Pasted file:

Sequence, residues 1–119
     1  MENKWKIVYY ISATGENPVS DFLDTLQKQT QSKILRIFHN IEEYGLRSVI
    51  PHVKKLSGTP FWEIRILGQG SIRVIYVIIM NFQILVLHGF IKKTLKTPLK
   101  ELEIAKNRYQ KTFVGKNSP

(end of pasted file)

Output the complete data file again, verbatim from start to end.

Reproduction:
Sequence, residues 1–119
     1  MENKWKIVYY ISATGENPVS DFLDTLQKQT QSKILRIFHN IEEYGLRSVI
    51  PHVKKLSGTP FWEIRILGQG SIRVIYVIIM NFQILVLHGF IKKTLKTPLK
   101  ELEIAKNRYQ KTFVGKNSP